The test samples were placed in a beaker situated in a water bath at 37°C. After the temperature of the sample had stabilised, a five minute baseline recording of pH was made. Hydrochloric acid (0.03 M), warmed to 37°C, was pumped into the beaker at a rate of 4 ml/minute and the mixture was well stirred. The pH recording was monitored continually to ensure that accurate recordings were obtained. When a build up of fat/protein was noted on the electrode that greatly reduced its sensitivity to pH changes the probe was removed, wiped with ethanol, rinsed with distilled water, and replaced.

Rapid coating of the tip of the pH probe occurred particularly when titrating Farley’s milk, and it was constantly necessary to clean it. For this reason, once a baseline and initial drop in pH had been recorded as usual, the probe was only dipped into the sample approximately every five minutes to obtain values.

Each sample was tested a minimum of three times.

Data analysis

The data from the recorder were downloaded on to an Apple Macintosh computer through an RS-232-C Interface (Novo Diagnostic Systems) and transferred to a spreadsheet (Microsoft Excel) for analysis. pH values were converted to H+ concentration before analysis because the pH scale is logarithmic. The neutralisation capacity of each sample was calculated as the number of moles of acid required to return the pH to a baseline value.



All infants aged less than 1 year and primarily on milk feeds referred to the Queen’s Medical Centre, Nottingham for evaluation of suspected reflux were recruited for our study. All patients were admitted either because of problems such as failure to thrive, apnoeic attacks, excessive regurgitation, or inconsolable crying, were awaiting surgery, or were outpatients who were admitted specifically for oesophageal pH monitoring.

Ethical approval was obtained from the Queen’s Medical Centre, Nottingham University Hospital and the NHS trust ethics committee. The parents/guardians of the babies involved were fully informed, both orally and in writing, as to the nature of the test, and gave consent before the study.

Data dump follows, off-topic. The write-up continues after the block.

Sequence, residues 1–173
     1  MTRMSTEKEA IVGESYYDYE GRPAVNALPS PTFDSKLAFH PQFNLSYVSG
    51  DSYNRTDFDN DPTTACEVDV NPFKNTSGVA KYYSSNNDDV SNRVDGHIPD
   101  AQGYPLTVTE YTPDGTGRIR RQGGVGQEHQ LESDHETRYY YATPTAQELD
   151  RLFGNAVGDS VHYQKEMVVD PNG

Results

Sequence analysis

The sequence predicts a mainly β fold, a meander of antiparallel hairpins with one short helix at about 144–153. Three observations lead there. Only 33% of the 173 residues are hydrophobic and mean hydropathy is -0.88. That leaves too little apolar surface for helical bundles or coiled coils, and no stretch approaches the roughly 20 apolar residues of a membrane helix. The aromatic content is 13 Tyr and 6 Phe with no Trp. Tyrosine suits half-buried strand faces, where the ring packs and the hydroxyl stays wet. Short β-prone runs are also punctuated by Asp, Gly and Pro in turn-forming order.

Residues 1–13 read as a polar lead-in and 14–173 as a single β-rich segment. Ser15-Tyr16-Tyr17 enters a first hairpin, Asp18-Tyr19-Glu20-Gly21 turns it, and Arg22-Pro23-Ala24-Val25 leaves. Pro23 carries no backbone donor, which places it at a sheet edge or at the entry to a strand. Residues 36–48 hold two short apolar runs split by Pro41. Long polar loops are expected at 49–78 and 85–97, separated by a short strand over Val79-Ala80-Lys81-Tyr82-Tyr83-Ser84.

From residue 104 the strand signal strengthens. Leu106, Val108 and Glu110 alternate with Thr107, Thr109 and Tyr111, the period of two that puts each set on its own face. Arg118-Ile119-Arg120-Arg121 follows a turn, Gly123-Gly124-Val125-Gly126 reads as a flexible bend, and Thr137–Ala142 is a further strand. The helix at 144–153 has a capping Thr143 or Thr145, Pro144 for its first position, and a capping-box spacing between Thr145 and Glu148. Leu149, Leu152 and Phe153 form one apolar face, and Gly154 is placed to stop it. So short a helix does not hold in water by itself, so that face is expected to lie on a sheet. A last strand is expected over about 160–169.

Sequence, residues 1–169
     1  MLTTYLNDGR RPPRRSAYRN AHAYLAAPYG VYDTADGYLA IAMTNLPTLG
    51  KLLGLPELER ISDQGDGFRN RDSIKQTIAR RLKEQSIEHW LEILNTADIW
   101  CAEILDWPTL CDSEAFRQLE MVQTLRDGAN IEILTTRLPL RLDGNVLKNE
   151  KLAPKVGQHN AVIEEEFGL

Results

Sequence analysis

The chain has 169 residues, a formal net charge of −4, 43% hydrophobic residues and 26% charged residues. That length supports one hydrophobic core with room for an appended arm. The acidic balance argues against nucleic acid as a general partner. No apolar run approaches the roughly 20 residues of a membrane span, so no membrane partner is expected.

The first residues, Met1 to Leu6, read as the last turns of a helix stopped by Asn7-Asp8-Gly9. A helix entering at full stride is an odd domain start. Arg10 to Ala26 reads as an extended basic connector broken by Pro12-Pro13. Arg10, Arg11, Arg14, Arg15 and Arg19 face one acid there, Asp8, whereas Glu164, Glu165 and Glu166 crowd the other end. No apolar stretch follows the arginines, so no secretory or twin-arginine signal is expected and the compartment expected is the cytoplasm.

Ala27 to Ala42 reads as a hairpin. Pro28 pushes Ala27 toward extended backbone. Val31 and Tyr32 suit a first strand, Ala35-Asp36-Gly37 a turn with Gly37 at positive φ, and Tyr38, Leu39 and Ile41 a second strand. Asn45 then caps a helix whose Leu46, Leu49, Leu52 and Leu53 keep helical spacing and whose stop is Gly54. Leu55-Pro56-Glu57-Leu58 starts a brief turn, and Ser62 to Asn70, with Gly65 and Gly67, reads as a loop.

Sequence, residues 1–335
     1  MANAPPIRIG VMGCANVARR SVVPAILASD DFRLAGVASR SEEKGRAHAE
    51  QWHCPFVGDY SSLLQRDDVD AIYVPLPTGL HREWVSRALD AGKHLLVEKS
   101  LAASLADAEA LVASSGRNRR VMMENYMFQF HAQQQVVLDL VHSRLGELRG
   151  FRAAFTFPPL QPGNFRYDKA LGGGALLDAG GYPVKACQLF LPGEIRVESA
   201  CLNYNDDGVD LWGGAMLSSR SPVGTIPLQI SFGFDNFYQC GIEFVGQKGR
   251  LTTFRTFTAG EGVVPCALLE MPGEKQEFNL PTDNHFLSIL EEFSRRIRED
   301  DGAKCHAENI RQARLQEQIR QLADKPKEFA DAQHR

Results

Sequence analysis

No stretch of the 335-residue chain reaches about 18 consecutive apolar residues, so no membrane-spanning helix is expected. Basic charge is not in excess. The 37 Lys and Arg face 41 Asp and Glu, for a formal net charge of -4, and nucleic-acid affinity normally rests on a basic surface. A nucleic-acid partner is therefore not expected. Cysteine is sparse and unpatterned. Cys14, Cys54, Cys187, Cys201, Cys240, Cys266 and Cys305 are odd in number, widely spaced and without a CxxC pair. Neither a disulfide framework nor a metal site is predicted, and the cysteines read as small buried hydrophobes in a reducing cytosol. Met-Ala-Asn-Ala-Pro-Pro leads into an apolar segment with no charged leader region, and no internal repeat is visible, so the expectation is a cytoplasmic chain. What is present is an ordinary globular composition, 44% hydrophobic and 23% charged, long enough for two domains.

The Flexilog 2000 ambulatory pH monitoring system (Oakfield Instruments, Oxford, UK) was used. This consisted of a dual channel, portable, digital data recorder and a nasogastric catheter, combining two antimony pH electrodes. A distance between the electrodes of 5 cm was chosen for this age group.

The electrodes were cleaned to remove oxidation and calibrated according to the manufacturer’s instructions. The sampling rate was every six seconds for 24 hours.


Each infant was fasted for at least four hours before the test and GOR treatment was stopped before and during the test.

The sterile catheter was passed transnasally and a nomogram was used to estimate the distance to the cardia, to situate the electrodes 2.5 cm on either side of it. The pH was checked to confirm correct positioning and then a chest radiograph was carried out to verify the position of the electrodes. The electrode was marked near to the nostril to allow correct repositioning if the probe became displaced. The electrode was secured to the infant’s face using tape, and mittens were used to prevent the infant from removing the electrode. The reference electrode was attached to the infant’s back using an electrocardiogram electrode pad. A diary card was completed, noting meal times, feed type, supine periods, and symptoms. Normal activities were resumed for the recording period, which lasted for approximately 24 hours.